McNeil is part of "management" at Five Points and had supervisory authority over Plaintiff. (Doc.
# 35-1 at 25-26).
Five Points has clients who have expressed preferences for temporary employees of a certain
race. (Doc. # 35-1 at 77). There is testimony in the record that Mrs. McNeil and other managers
directed that temporary assignments be made based on the race of the temporary employee and the
racial preferences of the Five Points client. (Doc. # 39-8 at 12, 18). In November and December of
2008, Plaintiff complained to Mari Ann Aultman, the Vice-President of operations at Five Points
and the "branch manager" for the Birmingham office where Plaintiff worked, that she was being
asked by Kristi Janoulis, the office manager, to place temporary workers based on race. (Doc. # 34-1
at 115). Janoulis communicated to Aultman that Plaintiff was upset by the directive to staff based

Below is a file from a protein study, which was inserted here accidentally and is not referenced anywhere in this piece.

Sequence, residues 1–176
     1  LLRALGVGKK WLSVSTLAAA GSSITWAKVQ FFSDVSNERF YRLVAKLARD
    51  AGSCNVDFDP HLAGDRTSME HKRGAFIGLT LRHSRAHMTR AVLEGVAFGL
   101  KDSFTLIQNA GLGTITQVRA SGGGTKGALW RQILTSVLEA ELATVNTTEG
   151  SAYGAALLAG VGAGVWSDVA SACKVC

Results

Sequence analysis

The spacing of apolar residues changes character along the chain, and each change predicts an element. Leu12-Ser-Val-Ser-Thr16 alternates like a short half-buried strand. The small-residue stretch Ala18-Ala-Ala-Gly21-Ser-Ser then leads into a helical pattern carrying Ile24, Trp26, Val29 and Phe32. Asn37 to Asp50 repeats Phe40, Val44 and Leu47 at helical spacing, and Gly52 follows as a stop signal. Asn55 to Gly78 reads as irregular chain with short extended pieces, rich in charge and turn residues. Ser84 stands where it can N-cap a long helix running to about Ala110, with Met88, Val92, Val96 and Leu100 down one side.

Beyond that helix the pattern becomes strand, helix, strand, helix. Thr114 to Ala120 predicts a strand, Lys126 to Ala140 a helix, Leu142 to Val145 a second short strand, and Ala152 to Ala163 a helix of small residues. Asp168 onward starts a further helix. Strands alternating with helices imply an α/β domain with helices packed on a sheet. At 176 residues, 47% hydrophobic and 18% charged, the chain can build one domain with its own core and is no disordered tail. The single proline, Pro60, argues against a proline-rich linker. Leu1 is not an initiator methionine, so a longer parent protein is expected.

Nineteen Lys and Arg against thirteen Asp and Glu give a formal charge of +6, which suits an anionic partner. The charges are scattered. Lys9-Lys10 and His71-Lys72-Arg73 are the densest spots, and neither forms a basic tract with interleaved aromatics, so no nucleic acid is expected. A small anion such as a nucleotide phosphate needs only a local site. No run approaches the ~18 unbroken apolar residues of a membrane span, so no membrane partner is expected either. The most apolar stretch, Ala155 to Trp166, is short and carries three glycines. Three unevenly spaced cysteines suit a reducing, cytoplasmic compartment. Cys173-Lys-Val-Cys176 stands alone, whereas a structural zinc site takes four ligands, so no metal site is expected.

on race, and that Plaintiff did not want to fill orders to send only white candidates to a client. (Doc.
# 48 at 11). Both Mr. And Mrs. McNeil were aware that Plaintiff was unhappy about being directed
to staff clients based on a client's racial preference. (Doc. # 48 at 11).
In a meeting between Mrs. McNeil, Janoulis, and another employee, Amy Cochran, to
discuss Plaintiff's objections to the directive to staff based on race, Mrs. McNeil referred to Plaintiff
as a "sue happy nigger." (Doc. # 39-8 at 19-20).
In February 2009, Mr. McNeil met with Plaintiff about her employment at Five Points.
During this meeting, Plaintiff complained that she was being treated "different," and that she did not
like how Mrs. McNeil downgraded and belittled Plaintiff's "own kind." (Doc. # 34-1 at 93, 105).
Mr. McNeil understood Plaintiff to be referring to African-Americans when she referenced her